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I don't partake in "oil" debates because opinions tend to take a suto-religious point of view on the topic...all I will say is that Mobile 1 (the first mass produced publically available synthetic oil) didn't come out until the mid-'70s, meaning good'ol dino juice was more than getting the job done through 2 world wars and the muscle car era...not to mention there has been significant advancement in the dino stuff over the last 40 years...I've torn through enough motors to know that if you keep it clean you'll be fine, if you don't, you wont...
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Old 12-07-2017, 07:45 PM
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Whether it is 80 or 100, i dont think the engine runs more than 20 deg different. If the oil is 220 or 240, doesnt seem like that big of difference.

Maybe someone with an infrared temp sensor can check the cyl temps on a few diff days when the outside temp is different. 30 degrees vs 50 or more, 50 vs 70, 80, etc. would be interesting to see if operating temps vary in direct and equal proportion to air temps.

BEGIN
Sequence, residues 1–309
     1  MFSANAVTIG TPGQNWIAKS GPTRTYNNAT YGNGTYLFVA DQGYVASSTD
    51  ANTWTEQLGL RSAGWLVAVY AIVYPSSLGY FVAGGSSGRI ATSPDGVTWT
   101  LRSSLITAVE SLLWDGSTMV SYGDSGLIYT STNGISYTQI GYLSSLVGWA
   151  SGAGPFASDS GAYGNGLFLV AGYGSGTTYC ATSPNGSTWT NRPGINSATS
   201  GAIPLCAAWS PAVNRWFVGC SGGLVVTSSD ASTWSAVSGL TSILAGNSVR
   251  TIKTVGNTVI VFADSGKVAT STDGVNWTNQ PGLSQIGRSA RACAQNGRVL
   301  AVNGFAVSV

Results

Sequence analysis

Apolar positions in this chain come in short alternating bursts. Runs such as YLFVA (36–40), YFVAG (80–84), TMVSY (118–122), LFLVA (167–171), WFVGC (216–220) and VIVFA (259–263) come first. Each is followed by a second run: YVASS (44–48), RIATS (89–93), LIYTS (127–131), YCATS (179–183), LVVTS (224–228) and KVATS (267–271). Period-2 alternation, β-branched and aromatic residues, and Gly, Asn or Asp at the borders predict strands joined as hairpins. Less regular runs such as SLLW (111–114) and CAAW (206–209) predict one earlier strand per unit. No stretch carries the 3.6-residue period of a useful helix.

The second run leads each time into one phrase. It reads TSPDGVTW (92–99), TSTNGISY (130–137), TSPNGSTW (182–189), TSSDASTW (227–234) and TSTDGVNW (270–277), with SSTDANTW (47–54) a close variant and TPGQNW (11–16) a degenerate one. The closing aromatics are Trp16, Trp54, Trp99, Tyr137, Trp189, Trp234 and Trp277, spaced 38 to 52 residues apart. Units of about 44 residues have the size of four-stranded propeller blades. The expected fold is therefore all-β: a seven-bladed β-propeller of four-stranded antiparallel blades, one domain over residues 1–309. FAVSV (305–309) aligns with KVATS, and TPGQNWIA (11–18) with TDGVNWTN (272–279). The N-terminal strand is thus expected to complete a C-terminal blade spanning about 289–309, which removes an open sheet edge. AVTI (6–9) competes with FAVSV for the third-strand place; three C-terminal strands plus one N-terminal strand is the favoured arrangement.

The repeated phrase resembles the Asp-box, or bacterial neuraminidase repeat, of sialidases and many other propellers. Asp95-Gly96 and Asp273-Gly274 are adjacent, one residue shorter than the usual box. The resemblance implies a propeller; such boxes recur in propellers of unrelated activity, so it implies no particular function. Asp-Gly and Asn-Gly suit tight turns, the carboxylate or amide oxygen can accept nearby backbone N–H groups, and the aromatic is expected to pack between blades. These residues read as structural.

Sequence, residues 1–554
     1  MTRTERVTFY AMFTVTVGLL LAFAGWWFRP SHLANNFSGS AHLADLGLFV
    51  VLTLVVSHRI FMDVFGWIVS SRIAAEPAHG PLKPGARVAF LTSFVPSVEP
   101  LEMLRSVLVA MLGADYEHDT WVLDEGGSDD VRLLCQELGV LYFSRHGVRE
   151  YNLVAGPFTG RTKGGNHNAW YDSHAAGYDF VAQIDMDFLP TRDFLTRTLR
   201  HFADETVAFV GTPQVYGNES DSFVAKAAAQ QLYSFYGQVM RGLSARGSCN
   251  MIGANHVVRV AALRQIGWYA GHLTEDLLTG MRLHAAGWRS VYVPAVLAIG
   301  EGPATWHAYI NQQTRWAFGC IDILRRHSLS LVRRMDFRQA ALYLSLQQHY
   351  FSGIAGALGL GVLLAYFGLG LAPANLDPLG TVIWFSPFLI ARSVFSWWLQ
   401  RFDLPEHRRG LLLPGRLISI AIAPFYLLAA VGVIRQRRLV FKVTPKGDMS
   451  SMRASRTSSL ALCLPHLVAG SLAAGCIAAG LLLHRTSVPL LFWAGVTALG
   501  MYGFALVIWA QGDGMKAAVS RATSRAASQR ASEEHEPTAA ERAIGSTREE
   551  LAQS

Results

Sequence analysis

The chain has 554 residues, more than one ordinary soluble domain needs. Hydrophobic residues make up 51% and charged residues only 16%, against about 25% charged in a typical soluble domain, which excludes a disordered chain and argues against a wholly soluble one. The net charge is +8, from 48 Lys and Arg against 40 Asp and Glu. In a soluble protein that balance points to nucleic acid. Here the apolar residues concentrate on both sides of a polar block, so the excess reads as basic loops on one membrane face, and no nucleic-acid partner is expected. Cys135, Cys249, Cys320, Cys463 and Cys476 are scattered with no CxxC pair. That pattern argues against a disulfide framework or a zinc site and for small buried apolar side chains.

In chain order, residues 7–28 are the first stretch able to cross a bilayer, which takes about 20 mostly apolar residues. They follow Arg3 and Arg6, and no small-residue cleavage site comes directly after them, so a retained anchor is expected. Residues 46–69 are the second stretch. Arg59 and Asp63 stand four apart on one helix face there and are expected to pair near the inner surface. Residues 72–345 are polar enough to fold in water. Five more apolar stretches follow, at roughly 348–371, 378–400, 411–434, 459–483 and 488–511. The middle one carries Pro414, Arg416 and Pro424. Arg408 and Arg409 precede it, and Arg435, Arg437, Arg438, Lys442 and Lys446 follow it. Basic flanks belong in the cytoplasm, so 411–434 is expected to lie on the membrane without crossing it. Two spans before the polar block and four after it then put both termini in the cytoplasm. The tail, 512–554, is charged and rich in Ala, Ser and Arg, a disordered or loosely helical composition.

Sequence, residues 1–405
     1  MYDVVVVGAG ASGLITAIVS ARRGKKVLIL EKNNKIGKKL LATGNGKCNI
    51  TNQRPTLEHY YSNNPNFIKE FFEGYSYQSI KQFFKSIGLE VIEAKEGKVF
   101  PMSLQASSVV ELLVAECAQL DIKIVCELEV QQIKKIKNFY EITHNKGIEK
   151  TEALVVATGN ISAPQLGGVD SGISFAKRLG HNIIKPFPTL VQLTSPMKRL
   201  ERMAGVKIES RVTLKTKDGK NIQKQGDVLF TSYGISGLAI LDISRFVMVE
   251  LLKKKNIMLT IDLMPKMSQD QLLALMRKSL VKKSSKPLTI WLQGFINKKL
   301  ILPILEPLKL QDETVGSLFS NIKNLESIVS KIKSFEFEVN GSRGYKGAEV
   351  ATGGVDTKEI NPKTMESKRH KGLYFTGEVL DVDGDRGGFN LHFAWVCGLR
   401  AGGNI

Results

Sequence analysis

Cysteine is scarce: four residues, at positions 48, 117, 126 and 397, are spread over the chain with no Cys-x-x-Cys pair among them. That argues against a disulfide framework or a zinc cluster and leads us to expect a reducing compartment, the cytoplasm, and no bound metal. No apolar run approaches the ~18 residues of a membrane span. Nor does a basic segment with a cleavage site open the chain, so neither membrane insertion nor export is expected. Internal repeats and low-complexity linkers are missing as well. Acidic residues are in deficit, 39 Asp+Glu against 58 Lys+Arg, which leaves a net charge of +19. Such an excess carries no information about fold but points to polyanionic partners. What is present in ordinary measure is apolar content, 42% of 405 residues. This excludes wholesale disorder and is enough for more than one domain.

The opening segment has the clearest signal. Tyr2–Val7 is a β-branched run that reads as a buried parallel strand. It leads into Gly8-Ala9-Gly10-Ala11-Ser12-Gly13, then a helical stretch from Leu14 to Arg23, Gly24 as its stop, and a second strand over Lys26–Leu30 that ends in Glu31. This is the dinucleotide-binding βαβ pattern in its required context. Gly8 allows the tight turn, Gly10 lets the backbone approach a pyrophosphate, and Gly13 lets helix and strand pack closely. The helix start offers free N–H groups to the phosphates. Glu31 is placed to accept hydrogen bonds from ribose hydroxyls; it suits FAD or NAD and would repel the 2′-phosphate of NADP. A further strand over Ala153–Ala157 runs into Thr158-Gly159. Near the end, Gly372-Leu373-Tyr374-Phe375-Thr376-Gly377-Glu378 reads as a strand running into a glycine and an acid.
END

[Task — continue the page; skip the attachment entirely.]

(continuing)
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Old 12-07-2017, 10:04 PM
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Mr Summit I can agree with you on a liquid cooled engine but this is an air cooled engine and on a hot summer day the oil can rise to critical temperature, for dino oil that is much lower than syn oil. I was also a small engine repair station for almost 20 yrs. Dino oil is fine for most applications, when it comes to extreme or hard use why not spend a few more dollars to be sure your engine has a better chance. Keeping the oil changed is a super big plus and for most it is all that is needed. If he is riding under extreme conditions and in high summer heat in an air cooled engine why not spend a couple extra dollars for some extra protection. I owned a praire 300 air cooled ATV for 16 years, it plowed my 300' long x 24' wide driveway every winter, also hauled wood and was used as a tractor on my property as well as ridden hard each summer on the trails. My oil cooler showed temps of 300 degrees on a number of occasions, dino oil would have caused engine failure but the full syn oil kept it in near perfect condition. When I sold it the compression was the same as when it was new. In the winter it started right up in -10 cold. Yep I am sold on syn oil considering the small increase in price to save an expensive engine rebuild.